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BETWEEN THE LINES

Saints' Bush finally reverting to hype

October 19, 2008|Sam Farmer | Times Staff Writer

Reggie Bush wasn't a bust in his first two NFL seasons, but he certainly was a disappointment.

He made some big plays, yet also disappeared for long stretches. He didn't score a touchdown, rushing or receiving, until the ninth game of his rookie season.

Long gone were his get-it-and-split-it days of USC, when he'd get a handoff and knife untouched right through the middle of a defense.

Last season, he had a few big games but sat out the final four because of a torn knee ligament. It was more of the same. He was a good player who showed flashes of greatness, and a valuable decoy too, but definitely a product of college football's hype machine.

This season, the Saints are starting to really cash in on Bush's remarkable ability to run and catch. There was the Minnesota game, in which he returned two punts for touchdowns and might have run back a third had he not tripped with one man to beat. But now more than ever, defenses are having to abandon what they do best just to compensate for Bush's being on the field.

Instead of spending the off-season in Los Angeles as he did after his first two seasons, Bush stayed in New Orleans and rededicated himself to football. That has paid off in a big way.

The thing that makes him so dangerous is his versatility. Whereas Marshall Faulk -- the quintessential run-catch threat -- caught most of his passes out of the backfield, Bush often lines up at receiver, which presents all sorts of problems for defenses. He has 41 catches, second only to Denver's Brandon Marshall.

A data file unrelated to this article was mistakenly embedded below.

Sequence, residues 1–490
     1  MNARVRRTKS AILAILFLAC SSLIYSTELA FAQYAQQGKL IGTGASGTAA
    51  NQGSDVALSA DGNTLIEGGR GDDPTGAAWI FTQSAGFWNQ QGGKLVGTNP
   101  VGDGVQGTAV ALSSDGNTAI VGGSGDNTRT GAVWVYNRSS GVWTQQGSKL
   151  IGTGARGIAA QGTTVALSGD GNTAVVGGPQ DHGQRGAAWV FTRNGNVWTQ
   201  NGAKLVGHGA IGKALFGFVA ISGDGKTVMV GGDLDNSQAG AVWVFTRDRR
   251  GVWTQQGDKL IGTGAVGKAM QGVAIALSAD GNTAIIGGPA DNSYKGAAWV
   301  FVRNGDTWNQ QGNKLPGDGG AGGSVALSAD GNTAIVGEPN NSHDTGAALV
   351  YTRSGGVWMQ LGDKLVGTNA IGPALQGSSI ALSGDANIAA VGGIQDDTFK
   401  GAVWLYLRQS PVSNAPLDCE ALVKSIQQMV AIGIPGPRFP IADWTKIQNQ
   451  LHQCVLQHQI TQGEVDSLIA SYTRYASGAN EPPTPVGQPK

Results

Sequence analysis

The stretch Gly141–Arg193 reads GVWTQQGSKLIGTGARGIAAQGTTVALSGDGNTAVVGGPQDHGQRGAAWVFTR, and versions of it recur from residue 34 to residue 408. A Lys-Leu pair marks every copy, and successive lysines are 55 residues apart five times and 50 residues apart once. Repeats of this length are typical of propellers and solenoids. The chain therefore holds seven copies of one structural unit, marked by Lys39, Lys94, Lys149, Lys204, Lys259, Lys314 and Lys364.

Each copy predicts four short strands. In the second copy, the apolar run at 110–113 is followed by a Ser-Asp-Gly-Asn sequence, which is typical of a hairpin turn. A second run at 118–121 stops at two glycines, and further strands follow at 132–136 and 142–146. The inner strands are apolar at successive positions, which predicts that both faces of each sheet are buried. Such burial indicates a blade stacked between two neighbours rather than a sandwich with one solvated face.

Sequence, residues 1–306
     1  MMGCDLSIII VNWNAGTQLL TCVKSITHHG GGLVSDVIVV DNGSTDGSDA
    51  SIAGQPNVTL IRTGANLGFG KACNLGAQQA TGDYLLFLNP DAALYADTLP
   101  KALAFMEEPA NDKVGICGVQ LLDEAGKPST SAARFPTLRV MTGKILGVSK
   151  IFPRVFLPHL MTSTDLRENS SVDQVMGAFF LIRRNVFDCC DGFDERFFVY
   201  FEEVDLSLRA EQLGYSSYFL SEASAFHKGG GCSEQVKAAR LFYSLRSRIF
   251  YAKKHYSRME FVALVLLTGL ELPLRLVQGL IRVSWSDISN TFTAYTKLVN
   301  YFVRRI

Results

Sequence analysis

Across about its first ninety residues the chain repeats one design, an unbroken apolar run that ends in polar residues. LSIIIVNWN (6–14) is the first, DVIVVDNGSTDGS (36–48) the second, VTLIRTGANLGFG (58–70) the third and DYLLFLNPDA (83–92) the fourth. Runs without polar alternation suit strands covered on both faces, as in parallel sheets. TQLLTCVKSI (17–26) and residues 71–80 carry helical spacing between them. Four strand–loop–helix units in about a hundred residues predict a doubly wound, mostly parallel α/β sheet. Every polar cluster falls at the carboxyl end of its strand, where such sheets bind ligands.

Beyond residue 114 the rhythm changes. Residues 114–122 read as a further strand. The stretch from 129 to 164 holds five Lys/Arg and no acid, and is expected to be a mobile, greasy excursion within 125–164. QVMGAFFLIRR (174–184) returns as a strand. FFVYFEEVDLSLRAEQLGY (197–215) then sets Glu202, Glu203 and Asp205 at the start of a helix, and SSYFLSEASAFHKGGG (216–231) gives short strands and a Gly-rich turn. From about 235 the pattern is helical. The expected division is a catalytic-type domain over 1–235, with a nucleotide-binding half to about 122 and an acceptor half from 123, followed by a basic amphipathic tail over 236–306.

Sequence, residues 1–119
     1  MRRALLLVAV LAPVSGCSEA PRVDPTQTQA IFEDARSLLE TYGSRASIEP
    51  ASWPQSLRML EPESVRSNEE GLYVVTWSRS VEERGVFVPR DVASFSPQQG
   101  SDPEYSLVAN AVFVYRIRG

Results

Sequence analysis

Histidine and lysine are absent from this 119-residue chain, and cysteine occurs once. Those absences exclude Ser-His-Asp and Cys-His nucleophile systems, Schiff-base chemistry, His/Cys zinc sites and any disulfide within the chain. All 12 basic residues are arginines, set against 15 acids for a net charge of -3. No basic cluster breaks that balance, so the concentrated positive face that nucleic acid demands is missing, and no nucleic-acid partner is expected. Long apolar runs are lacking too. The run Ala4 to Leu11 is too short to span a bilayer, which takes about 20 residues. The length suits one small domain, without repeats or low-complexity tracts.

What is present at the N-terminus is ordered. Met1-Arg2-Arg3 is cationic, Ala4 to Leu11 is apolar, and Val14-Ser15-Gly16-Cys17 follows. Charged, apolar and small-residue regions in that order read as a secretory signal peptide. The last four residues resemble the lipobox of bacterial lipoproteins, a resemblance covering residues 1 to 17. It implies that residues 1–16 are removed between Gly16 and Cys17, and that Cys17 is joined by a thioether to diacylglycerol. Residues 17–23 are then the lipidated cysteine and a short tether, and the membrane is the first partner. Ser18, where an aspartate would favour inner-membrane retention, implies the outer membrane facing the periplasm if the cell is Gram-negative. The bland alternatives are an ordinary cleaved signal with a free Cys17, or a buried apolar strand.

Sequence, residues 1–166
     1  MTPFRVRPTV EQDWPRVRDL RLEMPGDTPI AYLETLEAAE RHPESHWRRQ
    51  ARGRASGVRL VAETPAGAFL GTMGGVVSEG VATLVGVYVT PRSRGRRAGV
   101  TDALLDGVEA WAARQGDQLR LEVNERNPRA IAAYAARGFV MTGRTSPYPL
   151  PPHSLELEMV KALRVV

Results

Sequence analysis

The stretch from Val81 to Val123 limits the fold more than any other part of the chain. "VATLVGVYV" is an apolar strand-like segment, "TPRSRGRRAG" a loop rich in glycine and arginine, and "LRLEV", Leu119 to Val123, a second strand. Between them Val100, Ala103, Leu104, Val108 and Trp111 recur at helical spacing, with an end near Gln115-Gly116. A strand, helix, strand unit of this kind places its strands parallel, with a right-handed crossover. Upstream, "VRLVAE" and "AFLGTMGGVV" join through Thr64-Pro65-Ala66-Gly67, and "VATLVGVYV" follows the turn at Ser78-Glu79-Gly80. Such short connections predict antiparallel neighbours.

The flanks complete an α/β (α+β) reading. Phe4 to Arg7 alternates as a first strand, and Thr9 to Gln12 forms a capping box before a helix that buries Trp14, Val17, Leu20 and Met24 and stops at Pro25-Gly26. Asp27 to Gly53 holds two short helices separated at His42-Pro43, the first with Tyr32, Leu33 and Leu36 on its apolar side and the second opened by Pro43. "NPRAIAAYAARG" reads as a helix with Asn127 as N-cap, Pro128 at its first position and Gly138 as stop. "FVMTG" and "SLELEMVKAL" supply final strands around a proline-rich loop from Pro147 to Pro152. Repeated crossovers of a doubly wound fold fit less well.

It's not uncommon for the Saints to line up their receivers on one side and Bush on the other, looking for a favorable matchup for him. For New Orleans, the best-case scenario is to have a linebacker or safety try to cover Bush, which is usually a glaring mismatch.

When the Saints break their huddle, the opposing defense doesn't know whether Bush is going to line up in the backfield like a running back or at receiver. This often leaves a less-than-ideal defense on the field.

That's why, when they're facing the Saints, teams tend to play a lot of zone defense, allowing players to help teammates who might otherwise be in trouble.

Typically, a zone defense doesn't give up as many big plays but is softer underneath, allowing a quarterback to complete a higher percentage of his passes.

There's a greater likelihood that a man-to-man defense will give up the big play, but the completion percentage often will be lower because a receiver has a defender in his face.

Unlike most teams, the Oakland Raiders steadfastly stuck to their man-to-man philosophy when facing Bush and the Saints last Sunday. And what began a battle of the wills turned into a lopsided beat-down. The Saints won, 34-3, and Bush scored a running touchdown and a receiving one.

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sam.farmer@latimes.com

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(BEGIN TEXT OF INFOBOX)

Running with it

Since Reggie Bush joined the league in 2006, only one player has more "yards after catch":

Player/Yards

Brian Westbrook, Phi/1,558

Reggie Bush, NO/1,432

Steven Jackson, StL/1,354

LaDainian Tomlinson, SD/1,263

Wes Welker, Mia-NE/1,133

Source: STATS LLC

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